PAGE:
My Weitz & Luxenberg legal team obtained for me twice as much money as I thought I would be able to receive from my lawsuit. I was very pleased about that.
I chose Weitz & Luxenberg because the firm has a reputation for working really hard. I went with them because I didn’t want just anybody representing me. I felt that, if I was going to sue, I wanted a firm that had a lot of experience and a lot of resources. I wanted the big guns.
My legal problem was related to problems with my hips. I was born with hip dysplasia. I coped with my condition all through childhood and on into my adult years, but, finally, it came to the point where I was crawling up the stairs at home to reach my bedroom. My orthopedist said it was time for hip-replacement surgery.
Hip-replacement surgery was not completely unfamiliar to me. My mom had a hip replacement in 1982. It had gone swimmingly. She’s no longer living, but the implant lasted her right up to the day she passed away in 2005.
Both sides of my hips had the replacement surgery, eight weeks apart. A few months later, my sister from Montana also had the surgery, although it was for a congenital hip problem different than mine. But the doctor who performed my surgery also performed hers, and we each were given the same type of artificial hip implants – metal-on-metal.
After those surgeries, my sister and I both figured we were done with it for the next 30 years because the results looked good. Well, they looked good in the beginning.
Less than a year later, my implant began to fail. I was going up the stairs one day and realized I was using the banister to help pull myself up. Also, I ached a lot from inflammation around my pelvis and from pain in my hip flexors.
I went back to my orthopedic surgeon to see if he could explain what was happening. That’s when he gave me the news that my hip implants had been recalled.
In the summer and fall of 2010, I had revision surgeries done to remove the defective parts and put in safe new ones. My sister had revision surgery too, shortly after mine.
I’m better now than I was and can at least walk, but there are little problems that still remain from all the abuse my hips have taken.
The funny thing is it never occurred to me to get an attorney. I’m not the litigious type. But friends and neighbors who knew my situation kept advising me to sue. “Talk to an attorney,” they said.
Meanwhile, my doctor said I should think about contacting the implant manufacturer because they were making plans to offer patients some kind of compensation. After waiting a while, I decided to see what the company was willing to do.
When I called, I spoke to a woman who asked me what I thought my injury was worth. I wasn’t prepared to give an actual, calculated amount, so I just blurted out the first round number that popped into my head, which happened to be in seven figures. That was followed by such a long silence that I thought the woman had hung up. Finally, she responded and said in a very snooty tone, “Well, I can tell you if you’re expecting that kind of money, there’s nothing left for us to talk about.”
I asked her, well, what kind of money are you thinking? She said her company might, might, go as high as $100,000. I thought, you have no idea what I’ve been through – that amount you’re offering is not going to come anywhere near to making up for what I’ve had to spend on care and therapy and a thousand other things, plus what I lost by not being able to work.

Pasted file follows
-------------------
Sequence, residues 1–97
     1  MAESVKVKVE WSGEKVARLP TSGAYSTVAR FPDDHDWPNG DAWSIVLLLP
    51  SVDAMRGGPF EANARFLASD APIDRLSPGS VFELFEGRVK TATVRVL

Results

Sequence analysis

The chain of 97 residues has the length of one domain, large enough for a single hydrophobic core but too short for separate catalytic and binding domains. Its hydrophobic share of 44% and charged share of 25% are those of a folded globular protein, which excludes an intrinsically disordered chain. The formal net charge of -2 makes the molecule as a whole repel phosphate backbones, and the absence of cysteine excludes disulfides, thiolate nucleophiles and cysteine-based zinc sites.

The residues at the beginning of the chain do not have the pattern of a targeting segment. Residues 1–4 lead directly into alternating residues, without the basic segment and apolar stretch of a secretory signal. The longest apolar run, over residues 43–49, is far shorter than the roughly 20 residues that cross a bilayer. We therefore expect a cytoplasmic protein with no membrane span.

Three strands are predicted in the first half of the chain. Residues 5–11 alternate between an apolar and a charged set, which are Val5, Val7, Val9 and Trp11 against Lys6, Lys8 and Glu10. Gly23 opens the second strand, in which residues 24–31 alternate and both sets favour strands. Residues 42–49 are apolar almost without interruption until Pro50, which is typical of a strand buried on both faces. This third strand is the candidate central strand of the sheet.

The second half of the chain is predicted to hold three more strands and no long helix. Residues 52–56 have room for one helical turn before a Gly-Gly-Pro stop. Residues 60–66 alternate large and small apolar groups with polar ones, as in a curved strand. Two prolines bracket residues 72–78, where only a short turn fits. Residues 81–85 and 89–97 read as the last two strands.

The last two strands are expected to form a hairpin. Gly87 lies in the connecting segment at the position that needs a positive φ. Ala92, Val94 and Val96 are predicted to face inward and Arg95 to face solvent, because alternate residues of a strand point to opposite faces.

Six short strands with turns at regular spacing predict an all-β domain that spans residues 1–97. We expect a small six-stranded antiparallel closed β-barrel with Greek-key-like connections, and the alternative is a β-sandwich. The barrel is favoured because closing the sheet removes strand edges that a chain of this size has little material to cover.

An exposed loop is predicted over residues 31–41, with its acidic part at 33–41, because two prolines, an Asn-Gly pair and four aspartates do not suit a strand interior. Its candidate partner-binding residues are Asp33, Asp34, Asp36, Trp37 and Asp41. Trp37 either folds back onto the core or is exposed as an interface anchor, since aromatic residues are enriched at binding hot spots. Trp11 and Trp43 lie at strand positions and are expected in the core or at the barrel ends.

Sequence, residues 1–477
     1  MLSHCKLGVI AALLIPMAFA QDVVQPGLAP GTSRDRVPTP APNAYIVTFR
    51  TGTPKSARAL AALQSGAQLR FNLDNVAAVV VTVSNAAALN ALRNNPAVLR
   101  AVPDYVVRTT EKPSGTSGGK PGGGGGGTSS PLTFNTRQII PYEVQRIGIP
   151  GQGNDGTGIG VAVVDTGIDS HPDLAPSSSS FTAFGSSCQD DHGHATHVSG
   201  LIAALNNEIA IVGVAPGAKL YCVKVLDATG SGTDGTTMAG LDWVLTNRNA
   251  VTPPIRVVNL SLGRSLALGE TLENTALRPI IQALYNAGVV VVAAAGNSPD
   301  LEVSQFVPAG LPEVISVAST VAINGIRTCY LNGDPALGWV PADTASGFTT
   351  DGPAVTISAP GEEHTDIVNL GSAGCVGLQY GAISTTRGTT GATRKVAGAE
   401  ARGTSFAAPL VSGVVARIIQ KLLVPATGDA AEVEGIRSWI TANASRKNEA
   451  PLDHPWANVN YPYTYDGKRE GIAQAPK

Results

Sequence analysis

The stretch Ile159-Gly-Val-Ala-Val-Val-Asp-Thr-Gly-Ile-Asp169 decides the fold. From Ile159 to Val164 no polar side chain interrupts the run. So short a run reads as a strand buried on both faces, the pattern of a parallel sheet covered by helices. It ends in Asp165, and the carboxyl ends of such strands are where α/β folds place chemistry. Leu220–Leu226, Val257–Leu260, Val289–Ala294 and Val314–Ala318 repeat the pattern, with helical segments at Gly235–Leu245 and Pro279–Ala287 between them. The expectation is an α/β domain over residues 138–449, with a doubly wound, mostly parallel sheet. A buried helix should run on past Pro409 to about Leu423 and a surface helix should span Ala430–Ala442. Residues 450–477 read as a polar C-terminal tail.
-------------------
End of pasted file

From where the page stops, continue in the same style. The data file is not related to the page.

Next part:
I ended the conversation by thanking her for her time and letting her know that I was going to explore other options.
One of those options – and the one I and, later, my sister, ultimately picked – was Peter Samberg. A person I trust recommended him.
He was the attorney who oversaw both of our cases. The first time I spoke to Peter to get the ball rolling, my husband, sister and her husband sat in on the call so they could all be aware of what was said and ask questions of their own.
The thing we liked most about Peter was how friendly and down-to-earth he was. He was not slick. He was very real. A normal guy. But he was also clearly very knowledgeable. He was very reassuring. He did not try to push us down any particular road.
It added to our confidence when we found out that Peter had represented medical companies in the past and, because of that, knew all the tricks that this company was likely to try playing to get out of paying an amount that would be fair in view of the damage they had done.
I liked that Weitz & Luxenberg did not use an impersonal, one-size-fits-all formula for calculating how much money I should receive for my injury. The amount they said I could seek as compensation was calculated based on my unique circumstances. And it was done that way in order to get for me the most money possible.
One thing we didn’t know was how long it would take for justice to be done. We were told to expect as long as five years. So we were very happy when the defendant wanted to settle out of court a lot sooner than that.
Peter didn’t bring to us any settlement offers from the defendant until he felt there was an offer worthy of being looked at. He also gave input that was very helpful to us as non-experts in deciding whether it was an offer that we should accept.
In my case, the settlement I agreed to compensated me not just for the injury and for the losses I suffered because of it, but also for the hardships my husband and son experienced – what happened to me put each of them through the ringer, too. I really appreciated that Peter thought to look at my case from that angle as well and then take the extra steps to consider how my injury impacted my family situation.
I absolutely would use Peter Samberg and Weitz & Luxenberg again. If I knew someone who had a problem, I would without question recommend this law firm.